I can hardly describe the joy and relief I felt reading your piece on the Hadiya case in the Hindu yesterday. By now I am nearly deaf from the cacophony of misogyny, islamophobia, and sheer short-sighted rage that CPM supporters on Facebook are unleashing against this young woman.
Your voice of sanity, Comrade, is therefore a great restorative. If not for your writing, one could have well thought that the CPM was nothing more than a bunch of short sighted, power hungry, strategisers, whose total lack of ethics and values is covered up by a vapid, outdated rationalism and an equally problematic liberalism. You refuse to condemn Hadiya for choosing Islam. You acknowledge that she is brave. You unequivocally reject the father and other minions of patriarchy. You rightly criticise state patriarchy evident in the Supreme Court. Unlike many CPM supporters here, you have no illusions about the times we live in; you are clearly aware that the NIA is not something which will spare us if we stay good. Importantly, you put paid to the idea that the High Court judgement that sanctioned her illegal custody was justified — an idea assiduously nurtured by certain public figures allied with the CPM against religious Muslims. Comrade, thank you again for being so forthright and in the face of snarling islamophobes in your own ranks actually gunning for the voice you raised against her illegal custody long back.
This is a GUEST POST by DEBADITYA BHATTACHARYA and RINA RAMDEV
The past few years have not allowed us the respite to prepare for a fight. We were perpetually donning our war-gear – often forced without necessary ammunition into a battle that raged through parliaments and streets and colleges and colonies and our doorsteps. There was no time to strategise, no time to theorize, no time to bargain and no time to compose ourselves for the next day’s onslaughts. And yet, the onslaughts never abated. The mundane was coupled with the spectacular, the anti-national with the terrorist, the intellectual with the condom-user, the dissenter with the stone-pelter, and the everyday with the genocidal. Continue reading “Sexual Harassment in the Academia – What the Hitlist Misses: Debaditya Bhattacharya and Rina Ramdev”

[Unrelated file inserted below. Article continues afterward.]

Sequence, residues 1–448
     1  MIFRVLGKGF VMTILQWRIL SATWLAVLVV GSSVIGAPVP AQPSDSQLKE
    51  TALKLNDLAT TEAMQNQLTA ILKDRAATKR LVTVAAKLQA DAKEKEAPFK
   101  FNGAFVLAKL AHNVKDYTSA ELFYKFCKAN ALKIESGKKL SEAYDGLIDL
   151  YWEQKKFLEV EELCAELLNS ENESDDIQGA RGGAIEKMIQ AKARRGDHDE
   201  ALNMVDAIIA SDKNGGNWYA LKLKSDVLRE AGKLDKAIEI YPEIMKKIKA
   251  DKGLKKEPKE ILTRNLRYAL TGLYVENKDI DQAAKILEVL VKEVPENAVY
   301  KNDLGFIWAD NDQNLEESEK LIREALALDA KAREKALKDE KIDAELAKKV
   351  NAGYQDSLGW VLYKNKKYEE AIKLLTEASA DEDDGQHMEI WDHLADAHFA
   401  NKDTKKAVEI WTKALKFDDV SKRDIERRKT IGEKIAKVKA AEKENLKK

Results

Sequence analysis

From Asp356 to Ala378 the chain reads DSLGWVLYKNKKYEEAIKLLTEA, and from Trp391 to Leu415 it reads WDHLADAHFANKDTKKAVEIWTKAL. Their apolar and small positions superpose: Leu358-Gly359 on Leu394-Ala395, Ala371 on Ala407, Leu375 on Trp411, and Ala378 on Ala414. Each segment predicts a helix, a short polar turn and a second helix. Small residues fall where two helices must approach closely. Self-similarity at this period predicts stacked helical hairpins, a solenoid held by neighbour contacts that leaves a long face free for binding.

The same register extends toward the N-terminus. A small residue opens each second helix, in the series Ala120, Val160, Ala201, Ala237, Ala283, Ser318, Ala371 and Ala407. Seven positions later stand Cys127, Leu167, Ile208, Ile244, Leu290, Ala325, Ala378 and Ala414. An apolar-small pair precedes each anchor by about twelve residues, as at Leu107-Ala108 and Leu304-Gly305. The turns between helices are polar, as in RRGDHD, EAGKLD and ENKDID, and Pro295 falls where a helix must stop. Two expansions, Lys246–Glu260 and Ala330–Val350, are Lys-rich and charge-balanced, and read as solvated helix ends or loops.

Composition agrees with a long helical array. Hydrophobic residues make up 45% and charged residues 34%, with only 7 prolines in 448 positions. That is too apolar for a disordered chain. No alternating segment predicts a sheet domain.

Guest post by R. SRIVATSAN
It is with a recognition of a failing foretold that I read the different posts, letters and conversations around the list (the unmistakable one today). That one’s teachers, seniors, peers and respected fellow academics have been named as having sexually harassed women cannot be digested without trouble. I struggled to comprehend what had happened and went through all the emotions of denial and outrage, followed by shock, acceptance and hopefully a slowly emerging wisdom.
It then came back to memory that I too have sexually harassed women on three occasions. However, I was in anonymous situations which were not explicitly relationships of power or authority. And I did withdraw an overture (or a pass, to call it out by its name) when rejected. Perhaps I have been cautious in not letting my shenanigans come back from the past to bite me. Or perhaps I cleverly chose occasions and situations that would not be traceable to me. Also, most importantly, perhaps those women who could have named and shamed me have been kinder and gentler than I deserved. Finally, if I were a successful teacher today, perhaps my name too would have been on the list. This response is based on the recognition that I virtually am.